There's something uniquely Cleveland about the scene: Deep in the heart of an industrial complex at East 35th and Superior, sublime music spills out a door big enough for a truck to drive through. Freight trains occasionally rumble past on tracks perhaps 100 yards away. Inside the warehouse, a cast of singers pours itself into the action-packed goofiness of Mozart's Nozze di Figaro, which Opera Cleveland opens this week.
Most of the cast members, awaiting cues, watch the action from chairs near the truck entry. Mezzo soprano Carolyn Kahl walks around the edges of the stage area in knee-length khakis, knee pads and a T-shirt, adjusting her walk to look as macho as she can. She's playing the Count's male page, Cherubino, a pants role that combines boisterous, high-energy comedy with the touching emotions of young love. As Cherubino discovers his feelings about women in general, he's particularly distracted by his boss' wife, the beautiful Countess Almaviva. The comedy, tenderness and delightful arias make Cherubino one of the most fun roles - even if it's not one of the most prominent ones - in opera. Kahl gets to run and hide, sing about discovering love and take that classic trouser-role turn: She's a girl playing a boy discovering girls who, as the plot unfolds, gets to disguise herself as a girl in a comically rich layer cake of wannabe macho swagger and irrepressible femininity.
The first two acts of Nozze di Figaro are busy with comings and goings and secrets. They also have some of the most memorable melodies in opera. And Cherubino gets to have a lot of the fun.
Kahl says her youth prepared her well for the role: "I grew up with two younger brothers. And in high school, I was more an athlete than a musician." In her hometown of Saginaw, Michigan, she lettered in varsity basketball, volleyball and soccer. Having this role brings back memories of those rough-and-tumble days.
But that was also when she first learned the aria "Voi Che Sapete, Che Cosa e Amor," in which the adolescent Cherubino tells older women, "You ladies who know what love is, see if it is what I have in my heart … Since it is new to me, I don't understand it. I have a feeling full of desire, which now is pleasure, now is torment."
When she first learned the aria at the age of 16, says Kahl, her voice was different than it is now at 30: "You span a lot of different vocal technique in that time. And learning these parts is just like learning something on an instrument: There is a lot of muscle memory. So to bring it into the present, you almost have to relearn it."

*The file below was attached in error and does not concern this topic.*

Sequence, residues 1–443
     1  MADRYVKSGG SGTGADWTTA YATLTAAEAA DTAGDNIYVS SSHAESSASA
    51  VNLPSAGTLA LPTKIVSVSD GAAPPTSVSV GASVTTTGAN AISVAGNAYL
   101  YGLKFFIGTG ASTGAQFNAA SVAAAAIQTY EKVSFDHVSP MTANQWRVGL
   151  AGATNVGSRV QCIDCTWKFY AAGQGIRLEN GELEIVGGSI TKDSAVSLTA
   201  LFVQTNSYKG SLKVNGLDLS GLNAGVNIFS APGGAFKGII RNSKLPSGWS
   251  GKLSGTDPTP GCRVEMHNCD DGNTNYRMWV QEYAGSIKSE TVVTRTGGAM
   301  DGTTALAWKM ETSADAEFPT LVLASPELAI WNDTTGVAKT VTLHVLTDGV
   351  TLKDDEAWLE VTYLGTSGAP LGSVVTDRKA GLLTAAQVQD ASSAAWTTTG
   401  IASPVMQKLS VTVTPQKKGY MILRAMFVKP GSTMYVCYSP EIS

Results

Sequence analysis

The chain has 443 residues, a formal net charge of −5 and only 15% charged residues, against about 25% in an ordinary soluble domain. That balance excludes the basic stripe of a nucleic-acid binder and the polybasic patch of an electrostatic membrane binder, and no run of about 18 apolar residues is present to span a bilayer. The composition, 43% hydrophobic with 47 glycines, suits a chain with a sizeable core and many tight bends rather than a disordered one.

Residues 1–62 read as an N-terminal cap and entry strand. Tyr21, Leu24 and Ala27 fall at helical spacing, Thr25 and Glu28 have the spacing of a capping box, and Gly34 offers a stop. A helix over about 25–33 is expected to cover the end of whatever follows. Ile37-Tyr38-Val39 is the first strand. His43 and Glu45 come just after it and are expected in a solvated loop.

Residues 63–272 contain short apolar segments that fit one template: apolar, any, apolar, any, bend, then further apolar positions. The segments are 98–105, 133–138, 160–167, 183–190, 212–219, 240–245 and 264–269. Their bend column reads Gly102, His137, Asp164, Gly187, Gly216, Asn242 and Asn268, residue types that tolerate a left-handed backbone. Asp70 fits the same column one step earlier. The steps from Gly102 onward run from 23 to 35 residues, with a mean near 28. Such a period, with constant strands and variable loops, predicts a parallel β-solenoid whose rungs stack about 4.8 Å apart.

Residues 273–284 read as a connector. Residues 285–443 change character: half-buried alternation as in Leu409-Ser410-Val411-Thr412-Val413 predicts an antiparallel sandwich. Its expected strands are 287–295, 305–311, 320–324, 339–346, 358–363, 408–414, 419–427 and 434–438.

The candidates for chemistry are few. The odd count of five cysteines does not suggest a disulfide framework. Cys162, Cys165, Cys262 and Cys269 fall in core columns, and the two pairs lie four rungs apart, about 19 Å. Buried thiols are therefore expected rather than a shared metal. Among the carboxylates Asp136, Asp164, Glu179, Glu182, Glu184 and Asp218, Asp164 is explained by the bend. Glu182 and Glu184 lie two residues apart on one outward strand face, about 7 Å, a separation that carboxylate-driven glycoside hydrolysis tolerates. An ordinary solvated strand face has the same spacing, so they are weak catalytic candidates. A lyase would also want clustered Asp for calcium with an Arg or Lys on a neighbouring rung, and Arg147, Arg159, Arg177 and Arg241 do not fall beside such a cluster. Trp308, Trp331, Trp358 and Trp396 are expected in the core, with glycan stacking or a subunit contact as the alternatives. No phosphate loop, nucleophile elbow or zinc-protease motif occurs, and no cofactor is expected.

The physicality of the role presents its own challenges. Kahl has to internalize the habits of walking like a man. "I always make the gym a big part of my preparation," she says. "The hips can be a factor when you're playing a boy."
And as Cherubino's subplot evolves, her manliness has to become more confident and less an adolescent caricature. Count Almaviva responds to his page's obvious enthusiasm for the Countess by sending him to war. At first, he seems like a boy soldier, recruited far too early. By the end, he seems resolved and ready for it.
The first time Kahl sang the whole role in a production came almost 10 years after she learned the aria in a young artists program with the Seattle Opera. It was "odd to be a girl playing a boy going after a woman," she says. Now, though, she's able to get caught up in the action of the story, so it comes more easily. Opera Cleveland's production has a lot in common with the one in Seattle - including director Peter Kazaras, conductor Dean Williamson, Corey McKern as Count Almaviva and Maureen McKay as Susanna. Other principals in the Opera Cleveland production include Jason Hardy as Figaro and Elaine Alvarez as Countess Almaviva. But that production in Seattle was a long time ago. Kahl says she's spent most of the past 10 years living out of her Honda Civic, traveling the country for different singing roles. For the past two years, she's been in New York. She left there because she's moving to Germany for six months for a cultural ambassadorship - an exchange program with the Goethe Institute, during which she'll audition and try to develop a European career. She leaves for that gig the day after Nozze di Figaro closes in Cleveland. For now, Kahl is just enjoying the company. She says the cast has jelled really well in Cleveland, hanging out together in the evenings and taking turns hosting Sunday brunch. For an opera that has so many great parts and a true ensemble cast, that should make for high energy and a sense of fun the audience can't miss.